Ashamed? “That’s why I lied. I was
ashamed.” Insecurity? Security?
Hunger? Love? Attachment? Addiction? Guilt? Selfishness? Me. Myself. And I. I put
myself first every time. Greed? Lust? Pride? Laziness?
When I’m watching NCIS or a detective show on TV or the
movies, I’m asking what the investigators or the detectives are asking,
“Motive?” Once we establish a motive or possible motives, we start looking for
people who could have that motive.
"What does it profit a person, if they gain the whole world,
and suffer the loss of their soul?”
Great question by Jesus.
So motive has always been one of my lifetime questions.
So maybe that’s why I loved the moment in a college
philosophy class that I was taking and
the professor was talking about Existentialism and he said, “I’m writing on the
board the world’s shortest poem. It’s two words and they rhyme:
never forgotten that. It’s a life time question. And I used it many times in
sermons like this.
And I wrote the world’s second shortest poem. It also
“I / Why” “You / Who” are two lifetime questions - that
everyone asks all their life. We want to know who we are. Why do I exist. What am I to do with my life? We also want to know who the other people are in our
life: friends, dates, teammates, family?
What are your life time questions?
This question was triggered by another one of my regular lifetime
When you go into a Catholic Church like this one, you always find at least one statue or
picture of Mary the Mother of Jesus. Why? We have the statue of Mary up there
above the tabernacle - above the center of the old altar. If you were a
Buddhist or Taoist or Confucian and you were never in a Catholic Church before,
would you want to know what that statue represents?
Every Catholic Church usually has one image of Mary. We have 2 - the one
above the old altar and the one off to the side there - over there - Our Mother
of Perpetual Help. What is that all about?
If you went into a Protestant Christian Church - other than
Anglican - you most likely wouldn’t find such images of Mary. Why? Why not?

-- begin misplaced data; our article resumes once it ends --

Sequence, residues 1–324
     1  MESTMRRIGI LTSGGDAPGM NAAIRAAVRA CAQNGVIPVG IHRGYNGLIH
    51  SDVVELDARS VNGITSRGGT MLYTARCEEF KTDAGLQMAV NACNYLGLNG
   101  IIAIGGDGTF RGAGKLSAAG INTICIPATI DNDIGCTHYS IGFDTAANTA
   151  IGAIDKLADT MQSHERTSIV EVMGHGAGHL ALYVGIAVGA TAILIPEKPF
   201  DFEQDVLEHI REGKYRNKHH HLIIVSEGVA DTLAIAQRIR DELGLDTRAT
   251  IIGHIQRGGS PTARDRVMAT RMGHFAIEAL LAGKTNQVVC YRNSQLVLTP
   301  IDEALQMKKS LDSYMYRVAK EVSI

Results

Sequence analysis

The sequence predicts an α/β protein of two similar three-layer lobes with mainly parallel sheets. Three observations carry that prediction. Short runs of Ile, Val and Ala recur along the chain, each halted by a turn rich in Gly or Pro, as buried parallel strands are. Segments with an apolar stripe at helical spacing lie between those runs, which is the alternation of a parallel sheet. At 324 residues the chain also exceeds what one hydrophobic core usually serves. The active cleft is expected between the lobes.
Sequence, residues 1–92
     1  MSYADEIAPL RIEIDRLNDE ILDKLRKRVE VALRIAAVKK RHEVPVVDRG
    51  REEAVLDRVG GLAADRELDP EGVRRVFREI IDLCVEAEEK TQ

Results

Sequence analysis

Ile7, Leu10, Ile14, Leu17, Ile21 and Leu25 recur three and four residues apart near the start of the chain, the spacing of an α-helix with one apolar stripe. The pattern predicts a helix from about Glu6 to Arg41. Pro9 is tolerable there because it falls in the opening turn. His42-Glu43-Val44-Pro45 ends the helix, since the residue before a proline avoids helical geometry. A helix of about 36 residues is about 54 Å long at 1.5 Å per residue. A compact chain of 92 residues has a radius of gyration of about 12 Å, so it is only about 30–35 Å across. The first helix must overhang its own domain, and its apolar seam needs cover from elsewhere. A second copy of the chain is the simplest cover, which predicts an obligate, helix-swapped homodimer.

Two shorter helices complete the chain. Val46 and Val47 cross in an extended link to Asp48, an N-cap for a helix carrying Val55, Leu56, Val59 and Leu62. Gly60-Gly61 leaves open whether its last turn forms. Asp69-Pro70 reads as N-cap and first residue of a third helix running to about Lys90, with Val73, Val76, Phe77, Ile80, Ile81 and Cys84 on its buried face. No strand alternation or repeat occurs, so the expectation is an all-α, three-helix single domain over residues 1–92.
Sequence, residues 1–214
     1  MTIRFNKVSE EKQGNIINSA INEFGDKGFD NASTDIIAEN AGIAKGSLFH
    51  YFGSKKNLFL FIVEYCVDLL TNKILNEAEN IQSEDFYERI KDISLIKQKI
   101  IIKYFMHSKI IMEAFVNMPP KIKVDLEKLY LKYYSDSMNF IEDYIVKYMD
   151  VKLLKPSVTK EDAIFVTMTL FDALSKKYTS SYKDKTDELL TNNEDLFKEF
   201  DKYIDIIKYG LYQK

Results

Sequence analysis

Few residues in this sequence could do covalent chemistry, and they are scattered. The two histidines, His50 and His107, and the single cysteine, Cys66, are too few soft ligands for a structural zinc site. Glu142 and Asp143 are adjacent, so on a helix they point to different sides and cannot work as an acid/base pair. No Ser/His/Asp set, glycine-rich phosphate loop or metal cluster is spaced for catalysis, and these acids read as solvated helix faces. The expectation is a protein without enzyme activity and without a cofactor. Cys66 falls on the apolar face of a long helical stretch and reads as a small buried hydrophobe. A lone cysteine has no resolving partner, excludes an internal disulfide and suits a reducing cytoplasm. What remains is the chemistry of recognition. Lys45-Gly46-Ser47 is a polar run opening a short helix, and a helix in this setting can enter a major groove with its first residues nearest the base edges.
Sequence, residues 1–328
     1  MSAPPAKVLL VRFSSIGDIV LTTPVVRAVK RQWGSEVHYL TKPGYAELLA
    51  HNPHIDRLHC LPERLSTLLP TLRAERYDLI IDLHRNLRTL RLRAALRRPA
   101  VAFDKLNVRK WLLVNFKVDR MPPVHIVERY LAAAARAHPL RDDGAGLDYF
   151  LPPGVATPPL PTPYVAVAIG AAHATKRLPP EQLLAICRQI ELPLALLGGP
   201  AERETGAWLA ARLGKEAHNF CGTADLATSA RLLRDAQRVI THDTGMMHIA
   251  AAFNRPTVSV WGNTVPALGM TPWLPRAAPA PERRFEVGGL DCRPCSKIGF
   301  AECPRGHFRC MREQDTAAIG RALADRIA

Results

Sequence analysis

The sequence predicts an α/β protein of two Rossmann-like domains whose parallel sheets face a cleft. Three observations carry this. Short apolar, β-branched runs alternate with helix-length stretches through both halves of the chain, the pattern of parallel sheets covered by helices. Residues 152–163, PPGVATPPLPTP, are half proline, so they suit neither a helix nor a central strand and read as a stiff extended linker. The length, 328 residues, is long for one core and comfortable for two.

And this church and this parish is called, “St.
Mary’s.” And all the stained glass
windows up there show images of this woman. “Why?” “What is that all
about?” “Motive?” “You / Who?”
I’ve been asking that question for some 65 years now. It
started when I was an altar boy as a kid. I’d see people praying at shrines and
statues and images of Mary. Why? When I was a kid I used to also be a candle boy at
our church, Our Lady of Perpetual Help, in Brooklyn, N.Y.
People would come into church, light a candle drop a coin into the box and move
on. Why? Motive?
I’ve heard lots of answers. Lighting a candle is a prayer that stays here
burning for me after I’m gone. It’s a tiny sacrifice. I put my money in. The
candle burns - disappears to itself - giving some light - as it dies.
I particularly thought of this question of Lifetime
Questions this morning - because today the Catholic Church - especially in Mexico and the United States, and other countries of the Americas celebrate the feast
of Our Lady of Guadalupe.
Why the following? What’s that all about? Why are there other churches and shrines all around
the world dedicated to Mary: Lourdes, Fatima, Czestochowa, Chartres,
Medjujorje, and Guadalupe?
What is that behavior, that energy about?
I’ve been asking that question all my life.
One answer is that God is concerned with women and children
- two people who are often treated up till the last century as nothing. Mary and her baby Jesus are often sculpted together - and we come and pray with and for all mothers and all their children.
Another answer is that mothers are central to life. All through our lives they represent security and home - and so we come to church for a feeling of security and home.
I love the definition of home: “the place where they have to take
Does Mary represent God - who takes us in?
Do mothers represent God - who takes us in?
Do we all need all our lives - the comforting presence of
our Mothers - living and dead - as well as the womb of a church?
Does Mary represent that God welcomes all people -
especially the little person - like Juan Diego - as well as all native people? Amen.
[This was a question type homily I preached this morning to St. Mary's High School - December 12, 2012]
The title of my homily for this 2nd Tuesday in
Advent is, “Lost Sheep: The Little Ones
on the Planet.”
One of the recommendations for Advent is that we do some
Advent Spiritual Reading. So we have those blue books in the back of church the past few
years and some other Advent pamphlets. People take them and people give feedback
saying they appreciate them.
Just at the beginning of Advent, I noticed an Advent
Sourcebook - from Liturgy Training publications in Chicago. It gives lots of prayers and some
interesting quotes from all over. This week I’m reading the material for the
Second Week, entitled, “Wealth of the Poor”.
Last night I spotted a piece by Eduardo Galeano - a
Uruguayan journalist and writer. I had never heard of him - and I know nothing
about Uruguay - except that
its capital is Montevideo.
He’s around my age. I’m born in 1939. He’s born in 1940. He wanted to be a
soccer player. He says every boy in Uruguay wanted to be a soccer
player. He becomes a journalist and a writer.
HE WRITES ABOUT
THE LITTLE GUY AND LITTLE GAL
I looked up on line last night just who this Eduardo Galeano
is. He writes about the poor of the earth - especially the unnoticed - the